Grammy telecast draws most viewers since 1984
The Nielsen Co. says the Grammy Awards telecast made sweet music in the ratings, delivering its largest audience since 1984.
According to the Associated Press, preliminary figures released Monday show more than 39 million viewers flocked to the CBS broadcast, making it the second most-watched Grammys in history. That exceeds last year's Oscars broadcast, which was seen by 37.6 million viewers.
Sunday's Grammys broadcast was notable not only for the numerous trophies dispensed to recording artists, but also for its role in serving as a memorial to Whitney Houston, a six-time winner.
The superstar singer died unexpectedly Saturday, hours before she was supposed to appear at a pre-Grammy gala. She was 48.
Gellar double-dips in roles on 'Ringer'
One role just isn't enough for Sarah Michelle Gellar. On her freshman CW series "Ringer," she co-stars in two of them, as identical twins who both are in serious trouble.
But that isn't all for Miss Gellar, who also plays a leading off-camera role as an executive producer for the series. Even so, the demands on her weigh lighter these days than during "Buffy the Vampire Slayer," where she labored for seven seasons.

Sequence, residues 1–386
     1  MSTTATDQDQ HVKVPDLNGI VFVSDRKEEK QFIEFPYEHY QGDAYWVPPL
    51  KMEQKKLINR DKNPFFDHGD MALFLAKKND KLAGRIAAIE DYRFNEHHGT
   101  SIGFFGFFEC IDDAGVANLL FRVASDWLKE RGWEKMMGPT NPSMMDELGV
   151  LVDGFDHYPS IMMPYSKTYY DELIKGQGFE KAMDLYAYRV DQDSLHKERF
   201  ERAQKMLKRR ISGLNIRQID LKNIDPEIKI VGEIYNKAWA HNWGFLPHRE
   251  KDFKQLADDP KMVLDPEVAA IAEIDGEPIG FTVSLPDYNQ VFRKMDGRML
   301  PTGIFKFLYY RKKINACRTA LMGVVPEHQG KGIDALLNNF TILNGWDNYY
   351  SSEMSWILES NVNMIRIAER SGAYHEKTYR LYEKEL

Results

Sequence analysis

"I work shorter hours on this show - everybody does - than I did on 'Buffy,' " she said in an Associated Press interview. Efficiency reigns on "Ringer." Her actors and crew members are fellow pros who help get the job done smoothly. She's having fun.
Meanwhile, she's keeping work in healthy balance with her private life, enjoyed with her husband of 10 years, actor Freddie Prinze Jr., and their 2 1/2-year-old daughter, Charlotte, as they give their roles as parents top priority.
"When Charlotte was born, Freddie was on '24' and I didn't work for two years," Miss Gellar said. "I had asked him, 'When I'm ready to go back to work, will you stay home with her then?' He was like, 'Fine!' " She laughs. "He loves it. I think I've created a monster!"
That's not to say her "Ringer" routine, however moderated, isn't hectic. Interviewed one recent morning at her Manhattan hotel during a whirlwind publicity visit, she presents herself in sweat pants, a "Ringer" hoodie she grabbed from her L.A. makeup trailer "as I was walking out the door," and sandals borrowed from the hotel spa. She explained that, in her haste to leave for New York, she neglected to pack clothes or shoes other than the ensembles chosen for her TV appearances.
On "Ringer" (which airs Tuesdays at 9 p.m.), Miss Gellar plays Bridget Kelly, an ex-stripper on the run after witnessing a mob hit, as well as playing her troubled New York socialite twin sister, Siobhan Martin, whose own brewing problems compel her to fake her own death. With Siobhan's apparent death, Bridget sees no choice but to claim her ritzy life and handsome husband in an effort to hide in plain sight from mobsters and the law.
Portraying two characters (plus Bridget masquerading as Siobhan) isn't so hard, according to Miss Gellar.
"It's a group effort - hair, makeup, wardrobe," she said. "Besides, as identical twins, Bridget and Siobhan have characteristics that are inherently very similar. So you don't have to worry - they have to be able to be confused for each other."